Because I saw a video of a pangolin in Nanyang Technological University (NTU) last night, on Facebook, I thought maybe I could just share it here. And I started a search on pangolins in NTU on Youtube, and came up with a couple of other videos. And decided to write a little more, to practice my writing skills.
There are a few other reports of pangolins sighted in NTU.
Though whether or not residents of NTU know what they’re seeing is debatable (“This is an actual armadillo in Wee Kim Wee”). Which is really lamentable because the Sunda Pangolin, or Scaly Anteater (Manis javanica), is one of few native mammals (not reptiles, though they have scales!) that can still be found in Singapore! Those sighted in NTU were probably lost souls who were trying to make their way around. I wonder if they ever made it safely back into the forest. I’m very jealous of those staying in NTU now, I’ve always wanted to see wild pangolins.
Pangolins are often poached for their scales (which are just keratin, like our hair) as it is believed in traditional medicine that they help reduce swelling and pus (or something like that). This is of course, not scientifically proven, but is still damaging to the population of pangolins, which has been classified as Threatened in the International Union for Conservation of Nature (IUCN) Red List. Locally, they are not threatened by poaching (as far as I know), but face a bigger threat of habitat destruction. Incidentally, the Wildlife Reserves Singapore Conservation Fund (WRSCF)’s logo/mascot is that of a pangolin (:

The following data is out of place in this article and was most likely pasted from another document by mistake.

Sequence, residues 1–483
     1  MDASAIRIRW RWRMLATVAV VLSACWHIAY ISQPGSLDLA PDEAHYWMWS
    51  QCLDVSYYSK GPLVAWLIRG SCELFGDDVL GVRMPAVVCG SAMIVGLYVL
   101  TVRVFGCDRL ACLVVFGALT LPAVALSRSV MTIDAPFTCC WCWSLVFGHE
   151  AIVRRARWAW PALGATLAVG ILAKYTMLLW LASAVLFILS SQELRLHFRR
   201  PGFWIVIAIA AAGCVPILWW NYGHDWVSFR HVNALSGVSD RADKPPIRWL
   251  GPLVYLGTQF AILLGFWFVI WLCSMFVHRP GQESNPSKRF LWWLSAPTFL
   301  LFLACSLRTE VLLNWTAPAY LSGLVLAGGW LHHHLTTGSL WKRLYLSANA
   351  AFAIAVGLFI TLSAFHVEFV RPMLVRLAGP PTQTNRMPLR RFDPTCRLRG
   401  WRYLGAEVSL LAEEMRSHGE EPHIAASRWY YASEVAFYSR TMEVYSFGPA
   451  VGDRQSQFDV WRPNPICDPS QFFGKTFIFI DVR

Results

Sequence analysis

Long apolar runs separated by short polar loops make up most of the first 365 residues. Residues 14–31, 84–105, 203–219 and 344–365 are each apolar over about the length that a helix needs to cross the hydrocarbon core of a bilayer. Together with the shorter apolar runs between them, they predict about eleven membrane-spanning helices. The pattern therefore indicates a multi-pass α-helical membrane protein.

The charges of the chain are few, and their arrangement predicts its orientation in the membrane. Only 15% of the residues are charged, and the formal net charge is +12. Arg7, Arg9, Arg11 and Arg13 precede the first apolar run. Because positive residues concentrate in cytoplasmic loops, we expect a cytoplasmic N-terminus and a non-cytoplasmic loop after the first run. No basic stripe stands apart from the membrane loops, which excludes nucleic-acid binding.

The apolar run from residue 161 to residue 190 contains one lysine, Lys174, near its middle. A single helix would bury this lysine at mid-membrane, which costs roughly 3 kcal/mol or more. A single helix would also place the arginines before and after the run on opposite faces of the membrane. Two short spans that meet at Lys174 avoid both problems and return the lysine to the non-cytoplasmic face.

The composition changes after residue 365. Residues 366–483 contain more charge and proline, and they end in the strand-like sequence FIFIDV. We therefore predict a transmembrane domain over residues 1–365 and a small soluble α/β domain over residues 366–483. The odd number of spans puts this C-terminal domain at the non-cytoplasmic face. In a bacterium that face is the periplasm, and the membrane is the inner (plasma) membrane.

Apart from pangolins, another oft-sighted native wildlife in urbanised areas of Singapore is the Reticulated Python (Python reticulatus).
Being a python, it is non-venomous. Instead, it kills by strangulation, or constriction. It actually holds the record for the Longest Snake in the World (something I like to share with kids when at the Zoo). It is not, contrary to popular belief, the anaconda. I suppose the anaconda receives more coverage on TV documentaries as compared to reticulated python, though the latter can actually be found here in Singapore. The anaconda though, holds the record for the Largest Snake in the World. The reticulated python is not listed as threatened in Singapore. However, with increasing urbanisation and loss of forest cover, it is inevitable that these snakes will venture out more often to the urban/suburban areas and more human-wildlife conflict willl arise. Where people think that the way to subdue a snake is to spray the insecticide Baygon into its face.
I think greater education and awareness is needed if we don’t want to end up losing our remaining native fauna and if we don’t want to raise up a nation ignorant of our natural heritage.